Hive Mind Narcosis
Review by Ves on May 8, 2023.
Think back to 2014 and try remembering all the good things that happened that year. Having a hard time? Yeah, that's understandable. After all, it's been almost 10 years. Just as a brief reminder, 15th of April 2014 marks the day Sacred White Noise, the debut album by Canadian band Thantifaxath and also one of my all-time favourite pieces of music, was released. Does that mean everything beyond this point is going to be very biased? Yes but hear me out anyway.
Let's begin with a brief refresher, in case Sacred White Noise hasn't been in your rotation as much as it has in mine over the past 9 years. Thantifaxath's debut album is a perfect mix between progressive rock oddities and the raw emotion of black metal. From the disorienting changes in tempo and time signature, riff variety, discomfort-inducing dissonance in guitar leads, to the pummeling blast beats, nasty guitar and bass tones, and bestial vocal performances, the album keeps you on your toes from start to finish. Sprinkle in eerie transitions in the form of violins or choir, and you have yourself a masterpiece. I am as high on this album today as I was when I first heard it in 2015. After a slightly underwhelming EP released in 2017 (underwhelming only by the standards set by the band's debut, mind you), before us is their sophomore album - Hive Mind Narcosis.
From the first chord and melody the sound is unmistakable. The gritty tone, the uneasiness-inducing note choice, and the chilling harsh vocals suck you in as 'Solar Witch's atmosphere starts building around you. With multiple tempo changes, stop-and-go patterns, and more interesting melodies down the line, the opener leads nicely into 'Surgical Utopian Love', almost 11 minutes in length. The rhythmic complexity disorients you, the melodies make the hairs on your arms stand, and the vocals rip your heart out. I cannot praise this song enough, as it hits all the spots for me musically and emotionally. A sinister mid section leads into a 7/8 riff which the band explores to its limits but not a moment more than necessary, closing the song with a synth melody growing in intensity until it perishes in a wave of noise. On 'The Lost Wisdom Of Wolves', the band starts of with a minute of straightforward black metal riffage and blasts, before the song starts unravelling into beautifully crafted layers of melodies, stripping down one by one before nothing is left but a howling wind. The fourth track, 'Burning Kingdom Of Now', is yet another grand piece which builds layers upon layers of sound and melody patiently before turning to chaos. The track is in 9/8, which may sound superfluous but it does not feel overwritten. On the contrary, all the riffs flow very naturally from each other throughout the cut. 'Hungry Ghosts' emerges from the ruins of the previous track as a simple drum pattern playing over a reverb-soaked melody. The rest of the band comes in promptly with a multitracked vocal narration, which has a suitably uncanny valley feel. This is taken further when the track heats up, with the drumming having the same effect on me as the London underground during a signalling fault - you're never sure whether you've reached your destination or just standing in the middle of a tunnel, being jerk about by the breaks and acceleration. I've had this album on repeat for the past few days, and whenever 'Hungry Ghosts' comes up, I immediately drop what I'm doing so I can focus on the song. This is no background listening material, and I love it all the more for this. The penultimate track, 'Blissful Self Disassembly', is a noisy atmospheric piece for the most part, exactly of the kind one might expect based on the debut album - the otherworldly voice towards the end of the track give me chills just thinking of them. The track dissolves into a dissonant tremolo guitar riff which quickly turns into the closer, 'Mind Of The Sun'. The song is marked by my favourite vocal performance on the album and a guitar arrangement which I can only describe as dizzying. The stereo guitar tracks sound out of phase just enough to make you think something's wrong. Naturally, the faster sections of the song are absolutely crushing, with the whole band coming together behind the blast beats to deliver exactly what you thought was brewing behind the layers of dissonance. And, just when you thought we have reached the apex, the album ends without warning, care or excuse. All that's left behind are silence and a feeling of incomplete release. As if you are forced to accept something you'd strongly opposed forever.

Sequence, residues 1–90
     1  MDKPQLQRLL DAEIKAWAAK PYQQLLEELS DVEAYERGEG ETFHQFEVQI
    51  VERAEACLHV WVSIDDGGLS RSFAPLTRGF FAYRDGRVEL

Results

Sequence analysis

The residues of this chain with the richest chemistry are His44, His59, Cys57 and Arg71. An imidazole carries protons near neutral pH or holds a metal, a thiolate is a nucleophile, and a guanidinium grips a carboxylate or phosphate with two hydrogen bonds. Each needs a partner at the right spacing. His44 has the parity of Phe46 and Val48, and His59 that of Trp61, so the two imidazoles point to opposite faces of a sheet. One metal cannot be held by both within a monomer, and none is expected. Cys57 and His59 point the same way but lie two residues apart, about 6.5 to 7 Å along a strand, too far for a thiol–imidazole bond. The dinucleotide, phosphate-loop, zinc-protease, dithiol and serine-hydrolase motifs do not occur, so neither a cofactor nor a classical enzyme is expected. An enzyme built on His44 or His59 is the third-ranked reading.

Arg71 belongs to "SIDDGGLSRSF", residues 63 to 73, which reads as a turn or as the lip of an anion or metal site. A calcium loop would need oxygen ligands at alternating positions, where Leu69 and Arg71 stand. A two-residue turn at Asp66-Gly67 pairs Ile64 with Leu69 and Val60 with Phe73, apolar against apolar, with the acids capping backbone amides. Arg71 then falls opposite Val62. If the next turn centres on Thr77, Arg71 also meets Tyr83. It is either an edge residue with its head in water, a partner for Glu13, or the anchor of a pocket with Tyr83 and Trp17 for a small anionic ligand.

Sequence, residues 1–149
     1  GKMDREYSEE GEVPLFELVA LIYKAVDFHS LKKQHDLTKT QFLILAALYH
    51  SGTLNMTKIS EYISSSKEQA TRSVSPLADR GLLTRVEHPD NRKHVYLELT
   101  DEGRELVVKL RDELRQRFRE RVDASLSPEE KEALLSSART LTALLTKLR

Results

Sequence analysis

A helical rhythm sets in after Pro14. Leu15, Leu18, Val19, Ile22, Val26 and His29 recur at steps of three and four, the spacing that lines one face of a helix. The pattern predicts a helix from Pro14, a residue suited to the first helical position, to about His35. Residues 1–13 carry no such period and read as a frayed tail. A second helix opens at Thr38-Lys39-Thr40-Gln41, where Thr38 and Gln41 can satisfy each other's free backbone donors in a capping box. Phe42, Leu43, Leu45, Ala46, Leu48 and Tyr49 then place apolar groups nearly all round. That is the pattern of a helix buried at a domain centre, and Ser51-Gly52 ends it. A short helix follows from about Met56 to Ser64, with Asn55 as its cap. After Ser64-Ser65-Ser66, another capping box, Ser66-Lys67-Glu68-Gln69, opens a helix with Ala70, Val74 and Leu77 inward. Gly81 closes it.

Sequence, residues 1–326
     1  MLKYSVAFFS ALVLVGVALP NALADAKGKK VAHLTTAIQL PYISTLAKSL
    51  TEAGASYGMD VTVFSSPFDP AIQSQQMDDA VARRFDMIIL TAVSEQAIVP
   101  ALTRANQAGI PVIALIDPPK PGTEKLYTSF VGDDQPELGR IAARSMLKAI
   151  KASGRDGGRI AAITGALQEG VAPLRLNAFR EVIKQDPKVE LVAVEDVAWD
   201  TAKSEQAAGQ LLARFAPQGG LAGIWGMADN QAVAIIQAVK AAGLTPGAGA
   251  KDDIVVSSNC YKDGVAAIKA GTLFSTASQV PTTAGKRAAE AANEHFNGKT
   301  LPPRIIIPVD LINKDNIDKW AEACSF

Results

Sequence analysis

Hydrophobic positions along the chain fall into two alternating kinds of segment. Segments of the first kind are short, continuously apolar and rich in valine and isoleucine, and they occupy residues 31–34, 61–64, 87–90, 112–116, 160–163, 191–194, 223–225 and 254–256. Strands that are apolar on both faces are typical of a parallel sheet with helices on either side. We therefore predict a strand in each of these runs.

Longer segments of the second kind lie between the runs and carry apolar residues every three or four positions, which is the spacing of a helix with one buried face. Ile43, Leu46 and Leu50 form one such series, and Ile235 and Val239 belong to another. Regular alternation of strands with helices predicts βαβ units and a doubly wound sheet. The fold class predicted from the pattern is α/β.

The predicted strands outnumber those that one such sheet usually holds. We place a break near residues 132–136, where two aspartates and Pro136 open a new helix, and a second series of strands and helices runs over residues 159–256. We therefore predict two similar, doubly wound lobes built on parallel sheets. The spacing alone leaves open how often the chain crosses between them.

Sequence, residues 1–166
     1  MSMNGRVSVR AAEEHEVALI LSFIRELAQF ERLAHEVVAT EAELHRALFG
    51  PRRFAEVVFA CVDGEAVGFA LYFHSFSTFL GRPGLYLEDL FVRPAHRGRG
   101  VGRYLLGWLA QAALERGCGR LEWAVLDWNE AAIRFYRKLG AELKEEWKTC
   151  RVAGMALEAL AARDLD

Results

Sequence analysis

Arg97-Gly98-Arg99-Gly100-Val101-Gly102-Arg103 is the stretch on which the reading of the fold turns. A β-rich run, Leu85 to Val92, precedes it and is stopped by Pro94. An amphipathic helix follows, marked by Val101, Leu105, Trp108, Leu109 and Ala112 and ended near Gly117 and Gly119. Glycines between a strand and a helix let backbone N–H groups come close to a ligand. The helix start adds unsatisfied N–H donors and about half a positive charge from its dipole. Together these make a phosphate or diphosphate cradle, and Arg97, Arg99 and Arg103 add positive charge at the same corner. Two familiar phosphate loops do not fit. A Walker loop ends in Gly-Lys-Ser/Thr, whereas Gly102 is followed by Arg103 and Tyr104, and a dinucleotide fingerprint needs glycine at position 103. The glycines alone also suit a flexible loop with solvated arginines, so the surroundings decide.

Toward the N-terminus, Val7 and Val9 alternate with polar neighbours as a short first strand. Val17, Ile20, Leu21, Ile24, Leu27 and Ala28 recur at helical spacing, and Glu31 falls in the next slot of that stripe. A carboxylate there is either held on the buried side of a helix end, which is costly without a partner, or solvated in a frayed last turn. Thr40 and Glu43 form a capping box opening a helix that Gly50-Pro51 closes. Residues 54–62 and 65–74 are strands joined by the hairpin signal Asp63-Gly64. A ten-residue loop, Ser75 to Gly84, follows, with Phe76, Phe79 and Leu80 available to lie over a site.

The cold atmosphere and surgically precise performances are just the tip of the iceberg when it comes to what makes this album a perfect one for me. The production gives enough space to every instrument to shine individually, while tying them all together in a cohesive wall of sound. The manic time signature and tempo changes which, upon my description, might put off listeners used to the unnecessary overuse of similar concepts in music in modern metal make this album the cold spiral into the void that I was hoping it would be. Each melody takes you a step further towards oblivion, each drum hit erases the path behind you. The only moments of respite, ironically, are the blast beat sections which you keep clinging onto as a leitmotif, while trying to make sense of the rest of this masterpiece. If you like your metal nihilistic, crushing, disorienting, and leaving you reaching for the replay button over and over again, do not miss Hive Mind Narcosis.
Rating: 10 out of 101.57k